Practical matters after a suicide

Frequently asked questions
Our information sheet After a suicide: Answers to common questions may be helpful.

Some financial assistance might be available. Our Support Workers can talk with you about some financial assistance that might be available. You can call us 24/7 on 0800 842 846 to be connected with a Support Worker.

Our helpful guide
After a death: Dealing with practical matters provides information and advice on a wide range of practical matters you are likely to need to attend to after a suicide.

NZ government information
What you need to do when someone dies is a government site also offering key information and practical things that you may need to attend to after the death of a loved one. This is not specifically about suicide deaths, but the general information is clear and helpful.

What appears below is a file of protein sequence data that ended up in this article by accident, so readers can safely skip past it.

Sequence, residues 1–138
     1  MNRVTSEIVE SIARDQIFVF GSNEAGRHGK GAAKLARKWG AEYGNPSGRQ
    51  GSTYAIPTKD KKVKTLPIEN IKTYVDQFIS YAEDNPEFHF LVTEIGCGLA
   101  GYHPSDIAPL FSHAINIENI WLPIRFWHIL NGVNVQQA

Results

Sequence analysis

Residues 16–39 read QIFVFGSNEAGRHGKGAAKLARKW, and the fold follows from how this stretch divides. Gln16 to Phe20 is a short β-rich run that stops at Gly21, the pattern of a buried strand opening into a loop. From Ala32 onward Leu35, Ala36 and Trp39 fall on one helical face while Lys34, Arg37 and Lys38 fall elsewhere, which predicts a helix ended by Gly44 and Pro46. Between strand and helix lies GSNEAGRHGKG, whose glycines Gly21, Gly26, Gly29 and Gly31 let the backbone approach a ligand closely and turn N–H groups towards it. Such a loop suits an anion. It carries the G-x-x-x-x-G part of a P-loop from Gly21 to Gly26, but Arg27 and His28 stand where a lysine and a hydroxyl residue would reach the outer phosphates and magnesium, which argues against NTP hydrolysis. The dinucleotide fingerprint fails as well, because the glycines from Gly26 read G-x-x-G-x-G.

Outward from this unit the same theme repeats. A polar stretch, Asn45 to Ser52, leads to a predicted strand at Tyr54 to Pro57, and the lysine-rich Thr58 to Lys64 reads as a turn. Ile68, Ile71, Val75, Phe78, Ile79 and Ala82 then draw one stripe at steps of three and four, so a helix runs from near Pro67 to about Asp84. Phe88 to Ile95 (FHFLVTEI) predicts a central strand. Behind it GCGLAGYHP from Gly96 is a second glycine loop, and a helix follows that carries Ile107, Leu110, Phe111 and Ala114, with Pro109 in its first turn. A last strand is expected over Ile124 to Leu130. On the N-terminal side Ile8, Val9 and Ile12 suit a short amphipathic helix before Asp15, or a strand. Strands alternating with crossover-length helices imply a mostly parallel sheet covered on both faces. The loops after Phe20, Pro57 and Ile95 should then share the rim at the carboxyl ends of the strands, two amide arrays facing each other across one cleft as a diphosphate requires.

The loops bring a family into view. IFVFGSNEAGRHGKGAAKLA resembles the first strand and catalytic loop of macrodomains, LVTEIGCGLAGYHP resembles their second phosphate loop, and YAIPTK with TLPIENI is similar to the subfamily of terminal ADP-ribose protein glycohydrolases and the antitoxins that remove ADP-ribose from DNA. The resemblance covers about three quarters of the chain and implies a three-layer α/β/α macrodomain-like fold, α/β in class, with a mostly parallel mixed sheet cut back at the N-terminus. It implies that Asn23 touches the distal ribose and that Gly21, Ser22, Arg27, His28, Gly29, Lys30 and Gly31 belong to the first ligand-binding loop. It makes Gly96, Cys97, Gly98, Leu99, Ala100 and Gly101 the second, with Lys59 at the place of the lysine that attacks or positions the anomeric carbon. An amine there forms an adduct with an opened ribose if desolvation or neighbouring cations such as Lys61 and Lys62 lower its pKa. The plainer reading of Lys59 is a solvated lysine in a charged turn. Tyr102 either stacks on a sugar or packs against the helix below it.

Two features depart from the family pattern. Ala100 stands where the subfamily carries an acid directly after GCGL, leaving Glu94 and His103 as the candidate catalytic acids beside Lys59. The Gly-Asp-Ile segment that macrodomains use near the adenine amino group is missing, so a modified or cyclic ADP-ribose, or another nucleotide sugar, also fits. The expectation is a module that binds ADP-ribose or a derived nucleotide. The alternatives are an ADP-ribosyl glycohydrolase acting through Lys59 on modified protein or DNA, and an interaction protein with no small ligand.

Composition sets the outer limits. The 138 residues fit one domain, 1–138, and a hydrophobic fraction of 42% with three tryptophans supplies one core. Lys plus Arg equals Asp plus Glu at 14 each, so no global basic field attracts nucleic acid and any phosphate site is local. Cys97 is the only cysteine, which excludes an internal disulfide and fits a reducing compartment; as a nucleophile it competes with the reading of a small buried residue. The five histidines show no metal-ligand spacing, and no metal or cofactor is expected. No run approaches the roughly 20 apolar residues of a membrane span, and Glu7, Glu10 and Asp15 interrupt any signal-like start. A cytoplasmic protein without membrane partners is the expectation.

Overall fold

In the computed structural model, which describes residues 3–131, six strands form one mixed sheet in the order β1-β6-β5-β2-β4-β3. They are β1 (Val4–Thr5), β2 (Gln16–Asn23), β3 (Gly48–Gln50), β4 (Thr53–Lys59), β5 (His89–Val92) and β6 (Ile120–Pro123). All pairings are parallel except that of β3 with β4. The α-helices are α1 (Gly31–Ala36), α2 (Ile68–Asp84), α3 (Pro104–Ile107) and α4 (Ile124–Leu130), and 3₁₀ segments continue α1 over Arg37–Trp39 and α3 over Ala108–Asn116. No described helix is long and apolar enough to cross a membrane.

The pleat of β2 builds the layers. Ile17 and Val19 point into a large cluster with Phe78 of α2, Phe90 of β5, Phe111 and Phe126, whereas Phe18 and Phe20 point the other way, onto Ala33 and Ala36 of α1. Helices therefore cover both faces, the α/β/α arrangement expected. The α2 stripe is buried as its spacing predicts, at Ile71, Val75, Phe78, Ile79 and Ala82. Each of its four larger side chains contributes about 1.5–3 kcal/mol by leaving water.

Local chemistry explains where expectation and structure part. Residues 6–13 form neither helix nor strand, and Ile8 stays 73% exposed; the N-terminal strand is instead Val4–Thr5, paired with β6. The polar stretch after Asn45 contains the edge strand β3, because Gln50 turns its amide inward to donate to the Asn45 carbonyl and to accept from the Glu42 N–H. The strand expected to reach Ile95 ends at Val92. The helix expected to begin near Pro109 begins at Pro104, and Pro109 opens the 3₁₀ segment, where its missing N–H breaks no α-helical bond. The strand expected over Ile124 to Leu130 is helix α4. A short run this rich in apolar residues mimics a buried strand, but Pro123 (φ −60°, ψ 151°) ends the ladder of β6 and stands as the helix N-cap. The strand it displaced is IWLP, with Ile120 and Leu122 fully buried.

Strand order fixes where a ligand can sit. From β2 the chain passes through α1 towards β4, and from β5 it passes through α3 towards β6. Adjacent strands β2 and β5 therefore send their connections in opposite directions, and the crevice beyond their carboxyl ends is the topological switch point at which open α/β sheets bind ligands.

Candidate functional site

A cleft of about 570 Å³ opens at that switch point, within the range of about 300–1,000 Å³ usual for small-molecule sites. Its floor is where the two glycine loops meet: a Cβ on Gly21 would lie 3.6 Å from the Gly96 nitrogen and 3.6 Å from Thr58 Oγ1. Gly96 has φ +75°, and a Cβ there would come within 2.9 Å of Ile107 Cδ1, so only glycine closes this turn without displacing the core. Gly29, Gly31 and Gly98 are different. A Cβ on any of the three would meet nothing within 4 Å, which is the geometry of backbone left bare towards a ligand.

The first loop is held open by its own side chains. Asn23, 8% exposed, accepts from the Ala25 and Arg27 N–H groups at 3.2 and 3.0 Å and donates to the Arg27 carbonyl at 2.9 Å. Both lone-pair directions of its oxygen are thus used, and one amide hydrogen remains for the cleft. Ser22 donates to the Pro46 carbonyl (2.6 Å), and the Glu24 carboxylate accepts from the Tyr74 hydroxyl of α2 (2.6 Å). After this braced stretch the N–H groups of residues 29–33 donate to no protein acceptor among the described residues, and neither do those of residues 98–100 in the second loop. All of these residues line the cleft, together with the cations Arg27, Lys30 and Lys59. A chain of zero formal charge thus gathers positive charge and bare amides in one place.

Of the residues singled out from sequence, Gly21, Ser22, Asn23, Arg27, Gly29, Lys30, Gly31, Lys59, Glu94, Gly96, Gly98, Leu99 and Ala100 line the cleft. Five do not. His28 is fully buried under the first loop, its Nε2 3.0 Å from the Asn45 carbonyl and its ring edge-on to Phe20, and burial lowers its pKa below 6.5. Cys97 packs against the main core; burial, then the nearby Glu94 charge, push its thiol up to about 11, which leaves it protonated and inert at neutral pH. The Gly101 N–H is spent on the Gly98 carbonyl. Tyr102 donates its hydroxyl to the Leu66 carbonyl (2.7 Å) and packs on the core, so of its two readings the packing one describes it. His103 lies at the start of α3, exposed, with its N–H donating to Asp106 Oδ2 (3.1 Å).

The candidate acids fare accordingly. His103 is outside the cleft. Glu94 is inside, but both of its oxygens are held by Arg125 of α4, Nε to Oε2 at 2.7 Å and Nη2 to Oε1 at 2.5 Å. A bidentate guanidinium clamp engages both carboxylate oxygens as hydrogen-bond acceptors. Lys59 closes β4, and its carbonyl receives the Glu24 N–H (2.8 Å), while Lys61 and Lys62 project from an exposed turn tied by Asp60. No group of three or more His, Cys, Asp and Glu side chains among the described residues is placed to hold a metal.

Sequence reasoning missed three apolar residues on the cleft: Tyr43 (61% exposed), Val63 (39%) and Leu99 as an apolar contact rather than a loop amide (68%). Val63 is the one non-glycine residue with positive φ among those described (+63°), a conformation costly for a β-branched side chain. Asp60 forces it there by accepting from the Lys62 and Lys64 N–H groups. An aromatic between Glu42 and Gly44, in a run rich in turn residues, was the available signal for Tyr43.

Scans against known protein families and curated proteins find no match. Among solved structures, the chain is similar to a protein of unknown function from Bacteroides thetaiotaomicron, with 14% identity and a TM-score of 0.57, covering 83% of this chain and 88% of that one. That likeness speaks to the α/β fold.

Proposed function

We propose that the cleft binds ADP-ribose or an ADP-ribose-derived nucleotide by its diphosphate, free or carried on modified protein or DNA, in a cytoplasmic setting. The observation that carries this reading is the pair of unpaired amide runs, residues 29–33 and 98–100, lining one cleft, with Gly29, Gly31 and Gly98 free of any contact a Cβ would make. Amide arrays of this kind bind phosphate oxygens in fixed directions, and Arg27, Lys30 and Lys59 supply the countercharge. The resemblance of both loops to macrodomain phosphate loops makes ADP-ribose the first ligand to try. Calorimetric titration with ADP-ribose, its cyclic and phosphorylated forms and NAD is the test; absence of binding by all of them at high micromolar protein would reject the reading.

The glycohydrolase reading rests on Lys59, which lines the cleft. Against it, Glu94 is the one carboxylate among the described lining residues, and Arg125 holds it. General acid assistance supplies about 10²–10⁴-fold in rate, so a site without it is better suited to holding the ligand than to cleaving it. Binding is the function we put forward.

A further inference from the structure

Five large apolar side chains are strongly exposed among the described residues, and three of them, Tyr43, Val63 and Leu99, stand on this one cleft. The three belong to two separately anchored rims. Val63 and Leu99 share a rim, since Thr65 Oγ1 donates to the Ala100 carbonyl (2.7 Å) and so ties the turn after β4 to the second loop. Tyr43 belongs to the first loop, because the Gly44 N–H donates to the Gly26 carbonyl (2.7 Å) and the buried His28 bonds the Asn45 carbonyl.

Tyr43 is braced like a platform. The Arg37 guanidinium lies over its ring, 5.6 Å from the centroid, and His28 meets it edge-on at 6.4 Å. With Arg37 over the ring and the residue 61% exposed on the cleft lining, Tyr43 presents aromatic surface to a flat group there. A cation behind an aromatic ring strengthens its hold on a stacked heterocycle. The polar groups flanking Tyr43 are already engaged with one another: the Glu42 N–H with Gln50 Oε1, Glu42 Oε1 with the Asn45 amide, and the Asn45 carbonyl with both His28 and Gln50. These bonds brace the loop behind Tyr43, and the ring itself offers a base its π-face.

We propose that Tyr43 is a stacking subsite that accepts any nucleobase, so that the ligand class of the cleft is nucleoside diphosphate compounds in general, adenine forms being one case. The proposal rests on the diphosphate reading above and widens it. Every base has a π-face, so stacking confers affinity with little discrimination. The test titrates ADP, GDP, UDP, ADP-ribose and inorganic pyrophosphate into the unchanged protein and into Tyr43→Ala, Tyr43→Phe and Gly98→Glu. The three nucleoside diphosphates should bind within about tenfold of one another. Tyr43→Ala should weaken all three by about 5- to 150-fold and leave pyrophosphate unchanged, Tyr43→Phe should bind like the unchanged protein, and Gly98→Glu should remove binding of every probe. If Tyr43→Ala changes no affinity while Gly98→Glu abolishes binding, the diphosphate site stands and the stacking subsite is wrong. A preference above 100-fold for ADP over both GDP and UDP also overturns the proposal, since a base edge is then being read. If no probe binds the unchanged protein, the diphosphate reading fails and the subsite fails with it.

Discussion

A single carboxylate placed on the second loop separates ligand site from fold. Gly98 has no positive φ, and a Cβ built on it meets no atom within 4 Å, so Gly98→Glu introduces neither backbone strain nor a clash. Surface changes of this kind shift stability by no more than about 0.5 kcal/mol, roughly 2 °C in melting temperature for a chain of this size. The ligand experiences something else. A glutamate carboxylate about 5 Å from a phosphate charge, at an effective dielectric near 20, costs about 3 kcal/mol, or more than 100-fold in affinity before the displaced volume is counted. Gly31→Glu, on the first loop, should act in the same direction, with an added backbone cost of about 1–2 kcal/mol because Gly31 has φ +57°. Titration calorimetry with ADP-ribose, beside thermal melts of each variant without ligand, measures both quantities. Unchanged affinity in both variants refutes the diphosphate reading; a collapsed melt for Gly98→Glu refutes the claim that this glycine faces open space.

Our information sheets After a Suicide: Answers to common questions and After a suicide: Managing media interest may provide answers to some of the questions you may have. You can also call us 24/7 on 0800 842 846 to be connected with a Support Worker.

For some families, whānau, and communities, a ceremonial blessing of the site where a person has died is an important step in helping them come to terms with the tragic loss of life. It is an acknowledgement of the spiritual impact of the tragedy on so many people. It commends the spirit of the person who has died and respects the dignity of them, and of their family, whānau, and community.

A blessing usually includes a simple prayer or karakia. For Māori, a blessing can include a clearing of the tapu on the site. Different cultural and faith groups bring their own approaches.